Podcasters like to hang out with other podcasters and get help, learn about the tools, and share their experience. I think these are the best forums for talking about podcasting.
My opinions are based on the frequency and quality of discussion. Please comment to share your favorites from this list or a place you think other podcasters should check out!
6 recommended communities to discuss podcasting
Google+ Community: Podcasters
When Google+ added the Communities feature, discussion and participation exploded in many niches. Jeffrey Powers created the Podcasters community and it has quickly grown to the largest on Google+ (more than 1,400 at this time). This community also has the moderating support from several big names in the podcasting space, such as Ray Ortega and even Cliff Ravenscraft! I’m also a moderator.
Honorable mention: Podcasting Technology Resources. This group is much smaller but is the official Google+ extension of the LinkedIn Group (next point). It’s nearly 500 members are very active and quick to participate in conversations.
Most of the other podcasting communities are ghost towns or filled with episode spam.
LinkedIn Group: Podcasting Technology Resource Group
LinkedIn attracts a professional crowd and you’ll see that in the quality of discussions in Podcasting Technology Resource Group, created by Martin Brossman. You’ll find several business podcasters in this group looking for help to succeed or sharing knowledge from their success.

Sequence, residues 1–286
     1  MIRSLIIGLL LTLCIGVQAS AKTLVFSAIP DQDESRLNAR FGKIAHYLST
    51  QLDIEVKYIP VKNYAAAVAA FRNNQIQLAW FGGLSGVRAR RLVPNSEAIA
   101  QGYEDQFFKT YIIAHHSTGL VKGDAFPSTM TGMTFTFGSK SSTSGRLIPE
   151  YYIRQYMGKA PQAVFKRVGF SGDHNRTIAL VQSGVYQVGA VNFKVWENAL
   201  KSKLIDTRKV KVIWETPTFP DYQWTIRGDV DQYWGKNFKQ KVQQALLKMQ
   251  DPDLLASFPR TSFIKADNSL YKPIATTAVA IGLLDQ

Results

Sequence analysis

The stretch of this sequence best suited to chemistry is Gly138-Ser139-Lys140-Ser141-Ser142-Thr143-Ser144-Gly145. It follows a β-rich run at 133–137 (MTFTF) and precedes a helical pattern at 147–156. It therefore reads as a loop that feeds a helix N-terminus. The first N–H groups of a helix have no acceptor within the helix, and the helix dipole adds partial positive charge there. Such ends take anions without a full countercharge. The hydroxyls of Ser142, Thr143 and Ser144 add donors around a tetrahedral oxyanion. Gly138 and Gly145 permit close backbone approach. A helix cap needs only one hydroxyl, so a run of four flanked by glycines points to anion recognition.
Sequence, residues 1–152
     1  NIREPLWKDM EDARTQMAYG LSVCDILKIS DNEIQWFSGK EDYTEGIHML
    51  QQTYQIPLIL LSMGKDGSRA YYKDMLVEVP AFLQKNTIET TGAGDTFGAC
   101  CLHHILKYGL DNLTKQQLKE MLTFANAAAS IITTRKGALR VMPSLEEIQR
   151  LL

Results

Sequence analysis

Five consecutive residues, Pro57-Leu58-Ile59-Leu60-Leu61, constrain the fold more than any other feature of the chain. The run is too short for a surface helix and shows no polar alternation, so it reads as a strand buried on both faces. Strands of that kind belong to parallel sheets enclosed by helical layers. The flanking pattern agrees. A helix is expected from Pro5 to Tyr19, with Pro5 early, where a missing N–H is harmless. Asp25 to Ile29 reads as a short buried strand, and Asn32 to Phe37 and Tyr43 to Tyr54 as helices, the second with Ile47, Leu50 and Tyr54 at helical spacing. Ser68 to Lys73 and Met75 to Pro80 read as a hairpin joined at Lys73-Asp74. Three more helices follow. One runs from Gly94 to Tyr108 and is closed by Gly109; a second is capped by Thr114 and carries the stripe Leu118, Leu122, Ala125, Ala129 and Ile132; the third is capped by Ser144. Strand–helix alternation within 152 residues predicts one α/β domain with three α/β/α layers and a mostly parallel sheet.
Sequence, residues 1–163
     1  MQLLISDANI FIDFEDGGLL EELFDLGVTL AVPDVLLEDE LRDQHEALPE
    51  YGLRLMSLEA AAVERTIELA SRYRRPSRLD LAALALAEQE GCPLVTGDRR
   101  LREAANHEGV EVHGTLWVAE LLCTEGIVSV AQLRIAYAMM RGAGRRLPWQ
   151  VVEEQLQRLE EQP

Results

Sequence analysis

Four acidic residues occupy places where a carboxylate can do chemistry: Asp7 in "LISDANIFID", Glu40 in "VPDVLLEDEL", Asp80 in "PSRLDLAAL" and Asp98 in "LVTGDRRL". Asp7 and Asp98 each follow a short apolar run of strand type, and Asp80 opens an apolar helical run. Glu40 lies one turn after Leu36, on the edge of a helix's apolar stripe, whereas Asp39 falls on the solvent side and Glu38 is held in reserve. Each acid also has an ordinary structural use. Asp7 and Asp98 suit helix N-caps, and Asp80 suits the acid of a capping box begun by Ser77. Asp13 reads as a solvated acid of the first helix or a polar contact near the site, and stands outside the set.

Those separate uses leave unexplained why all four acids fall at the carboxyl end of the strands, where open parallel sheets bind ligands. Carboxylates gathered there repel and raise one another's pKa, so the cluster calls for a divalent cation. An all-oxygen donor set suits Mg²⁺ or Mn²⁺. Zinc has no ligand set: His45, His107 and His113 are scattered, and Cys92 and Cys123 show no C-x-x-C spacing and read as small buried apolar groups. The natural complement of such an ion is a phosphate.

Most of the other podcasting groups are ghost towns or filled with episode spam.
Facebook Group: Podcast Community
Megan Enloe (once known as the “Podcast Junky”) started the Podcast Community Facebook group and it now has the popular endorsement from New Media Expo. This is a very active community but also has strict rules against self-promotion (see my etiquette tips below).
Forum: Blubrry Forum
Blubrry created PowerPress, the best podcasting plugin for WordPress. The Blubrry forum is the best place to go for help with the PowerPress plugin, and there is also plenty of podcasting-related conversation in the forums.
I highly recommend Dan Miller’s 48 Days to the Work You Love and he has a passionate community of people pursuing meaningful work through a variety of outlets. Cliff Ravenscraft started the Podcasting And New Media group (thus the heavy “Podcast Answer Man” branding in the neutral forum) and there’s always great conversation in it.
If you’ve read Dan Miller’s book and podcasting is part of your plan for success, then this is a great community for you!